Below is my suggestion, almost the same with Benny and Girish. Only difference is to hide the list if user already selected and grayed out
I detest the iTunes UX, so I'm a fan of any competition :-)
The 'conventional' way to sort is by clicking on the column headers. So I think any solution should attempt to be compatible with this behavior.
For multi-column sort, things become more difficult. Columns can quickly get cluttered with tiny arrows or badges. The tiny directional arrows can be ...
Any list of items with text labels can at least be grouped by first letter.
That said, I can't even imagine 1000+ root level categories for movies. Can these categories be curated down to just a few that make sense because how do I even know which category to search for?
The rule is that you should put names into categories, and sort them, in such a way that your users will find them where they expect them. You follow the rules of the user's language. For example, if you have a Swedish name like Ångström, and your users are British, you sort it under the letter A because that's where British users would look for it. If your ...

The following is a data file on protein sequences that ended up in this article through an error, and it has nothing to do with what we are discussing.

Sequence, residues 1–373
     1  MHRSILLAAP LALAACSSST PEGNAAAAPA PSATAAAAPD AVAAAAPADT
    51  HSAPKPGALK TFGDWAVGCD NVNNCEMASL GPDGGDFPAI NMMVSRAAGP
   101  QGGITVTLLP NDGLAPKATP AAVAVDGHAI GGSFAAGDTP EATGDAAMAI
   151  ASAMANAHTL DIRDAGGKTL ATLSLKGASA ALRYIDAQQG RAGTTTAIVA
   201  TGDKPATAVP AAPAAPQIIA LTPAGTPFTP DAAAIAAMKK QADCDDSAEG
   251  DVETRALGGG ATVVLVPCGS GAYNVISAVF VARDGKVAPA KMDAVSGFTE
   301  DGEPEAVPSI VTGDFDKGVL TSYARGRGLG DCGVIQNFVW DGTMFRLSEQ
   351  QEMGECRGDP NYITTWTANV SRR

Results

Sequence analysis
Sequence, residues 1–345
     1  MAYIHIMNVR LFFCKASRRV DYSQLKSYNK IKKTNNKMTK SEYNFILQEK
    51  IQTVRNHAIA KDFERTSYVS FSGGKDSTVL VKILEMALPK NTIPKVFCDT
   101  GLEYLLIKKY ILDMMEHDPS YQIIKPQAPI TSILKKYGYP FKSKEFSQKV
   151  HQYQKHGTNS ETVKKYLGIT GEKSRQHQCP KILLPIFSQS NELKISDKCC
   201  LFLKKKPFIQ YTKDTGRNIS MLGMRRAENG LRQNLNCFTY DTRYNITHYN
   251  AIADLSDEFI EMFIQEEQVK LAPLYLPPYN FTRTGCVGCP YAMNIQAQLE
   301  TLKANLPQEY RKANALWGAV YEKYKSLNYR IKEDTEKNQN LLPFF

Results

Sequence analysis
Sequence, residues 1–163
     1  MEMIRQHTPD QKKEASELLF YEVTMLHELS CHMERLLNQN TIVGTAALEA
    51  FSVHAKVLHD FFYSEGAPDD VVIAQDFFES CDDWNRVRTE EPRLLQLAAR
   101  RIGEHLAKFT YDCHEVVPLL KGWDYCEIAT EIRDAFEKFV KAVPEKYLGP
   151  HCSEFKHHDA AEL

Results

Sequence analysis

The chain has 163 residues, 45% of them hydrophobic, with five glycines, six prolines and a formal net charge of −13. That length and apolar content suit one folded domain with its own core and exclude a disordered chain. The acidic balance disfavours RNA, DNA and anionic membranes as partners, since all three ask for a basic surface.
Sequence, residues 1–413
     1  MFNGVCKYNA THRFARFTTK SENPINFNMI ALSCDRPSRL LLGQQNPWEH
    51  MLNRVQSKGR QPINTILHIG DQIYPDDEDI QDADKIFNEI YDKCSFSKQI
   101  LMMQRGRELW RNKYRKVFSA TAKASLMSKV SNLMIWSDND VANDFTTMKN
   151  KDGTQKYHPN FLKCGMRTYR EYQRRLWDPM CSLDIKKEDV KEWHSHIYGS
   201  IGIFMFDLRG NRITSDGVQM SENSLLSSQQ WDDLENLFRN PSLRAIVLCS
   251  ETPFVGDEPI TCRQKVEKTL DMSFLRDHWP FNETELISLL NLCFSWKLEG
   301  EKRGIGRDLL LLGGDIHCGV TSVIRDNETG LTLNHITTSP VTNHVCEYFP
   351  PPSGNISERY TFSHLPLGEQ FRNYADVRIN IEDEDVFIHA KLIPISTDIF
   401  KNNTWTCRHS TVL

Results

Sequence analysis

While I agree with the commenters that your question is overly broad, in the general case the answer is no, providing both options will not confuse your users. In fact, what you are describing is an interface pattern called faceted search and it is one of the most common patterns on the web.
Amazon uses it:
Zappos uses it:
Once you recognize this pattern, ...
Generally you will be constrained for space on a mobile device, and so I would tend to go for the option that is more space friendly and more versatile.
I would opt for a Sort by button rather than a Sort button, as the latter implies an action rather than a preference.